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If You Had Bought Cape Lambert Resources (ASX:CFE) Stock Five Years Ago, You'd Be Sitting On A 94% Loss, Today

Simply Wall St

Long term investing is the way to go, but that doesn't mean you should hold every stock forever. We really hate to see fellow investors lose their hard-earned money. Anyone who held Cape Lambert Resources Limited (ASX:CFE) for five years would be nursing their metaphorical wounds since the share price dropped 94% in that time. And we doubt long term believers are the only worried holders, since the stock price has declined 86% over the last twelve months. Furthermore, it's down 71% in about a quarter. That's not much fun for holders.

We really feel for shareholders in this scenario. It's a good reminder of the importance of diversification, and it's worth keeping in mind there's more to life than money, anyway.

See our latest analysis for Cape Lambert Resources

With just AU$371,512 worth of revenue in twelve months, we don't think the market considers Cape Lambert Resources to have proven its business plan. We can't help wondering why it's publicly listed so early in its journey. Are venture capitalists not interested? So it seems shareholders are too busy dreaming about the progress to come than dwelling on the current (lack of) revenue. It seems likely some shareholders believe that Cape Lambert Resources will find or develop a valuable new mine before too long.

Companies that lack both meaningful revenue and profits are usually considered high risk. There was already a significant chance that they would need more money for business development, and indeed they recently put themselves at the mercy of capital markets and raised equity. So the share price itself impacts the value of the shares (as it determines the cost of capital). While some such companies do very well over the long term, others become hyped up by promoters before eventually falling back down to earth, and going bankrupt (or being recapitalized). It certainly is a dangerous place to invest, as Cape Lambert Resources investors might realise.

Our data indicates that Cape Lambert Resources had more in total liabilities than it had cash, when it last reported. That put it in the highest risk category, according to our analysis. But with the share price diving 44% per year, over 5 years , it's probably fair to say that some shareholders no longer believe the company will succeed or they are worried about dilution with the recent cash injection. The image below shows how Cape Lambert Resources's balance sheet has changed over time; if you want to see the precise values, simply click on the image.

ASX:CFE Historical Debt May 6th 2020

Of course, the truth is that it is hard to value companies without much revenue or profit. Would it bother you if insiders were selling the stock? I'd like that just about as much as I like to drink milk and fruit juice mixed together. You can click here to see if there are insiders selling.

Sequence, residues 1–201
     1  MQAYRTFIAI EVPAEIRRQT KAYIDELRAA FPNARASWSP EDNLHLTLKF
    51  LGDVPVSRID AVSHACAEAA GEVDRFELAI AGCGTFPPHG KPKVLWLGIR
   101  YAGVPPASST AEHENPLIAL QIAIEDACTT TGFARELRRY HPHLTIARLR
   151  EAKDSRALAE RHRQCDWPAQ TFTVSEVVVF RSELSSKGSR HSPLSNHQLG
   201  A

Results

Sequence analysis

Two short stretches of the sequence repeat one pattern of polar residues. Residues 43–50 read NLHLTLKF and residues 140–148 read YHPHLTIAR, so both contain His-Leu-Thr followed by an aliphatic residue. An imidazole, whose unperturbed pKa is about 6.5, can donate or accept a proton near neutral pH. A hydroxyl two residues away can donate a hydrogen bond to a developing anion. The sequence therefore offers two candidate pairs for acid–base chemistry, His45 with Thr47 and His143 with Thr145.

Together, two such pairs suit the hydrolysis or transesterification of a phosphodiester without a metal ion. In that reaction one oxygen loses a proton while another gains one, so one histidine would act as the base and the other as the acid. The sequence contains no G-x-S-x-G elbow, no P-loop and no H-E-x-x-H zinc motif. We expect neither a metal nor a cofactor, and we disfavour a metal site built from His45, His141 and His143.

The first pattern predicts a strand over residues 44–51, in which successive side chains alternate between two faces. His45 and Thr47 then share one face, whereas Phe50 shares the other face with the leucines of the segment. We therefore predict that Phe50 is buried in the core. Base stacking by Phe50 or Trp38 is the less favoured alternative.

A Different Perspective

We regret to report that Cape Lambert Resources shareholders are down 86% for the year. Unfortunately, that's worse than the broader market decline of 11%. Having said that, it's inevitable that some stocks will be oversold in a falling market. The key is to keep your eyes on the fundamental developments. Unfortunately, last year's performance may indicate unresolved challenges, given that it was worse than the annualised loss of 44% over the last half decade. Generally speaking long term share price weakness can be a bad sign, though contrarian investors might want to research the stock in hope of a turnaround. While it is well worth considering the different impacts that market conditions can have on the share price, there are other factors that are even more important. Even so, be aware that Cape Lambert Resources is showing 5 warning signs in our investment analysis , and 2 of those make us uncomfortable...

For those who like to find winning investments this free list of growing companies with recent insider purchasing, could be just the ticket.

Please note, the market returns quoted in this article reflect the market weighted average returns of stocks that currently trade on AU exchanges.

If you spot an error that warrants correction, please contact the editor at editorial-team@simplywallst.com. This article by Simply Wall St is general in nature. It does not constitute a recommendation to buy or sell any stock, and does not take account of your objectives, or your financial situation. Simply Wall St has no position in the stocks mentioned.

We aim to bring you long-term focused research analysis driven by fundamental data. Note that our analysis may not factor in the latest price-sensitive company announcements or qualitative material. Thank you for reading.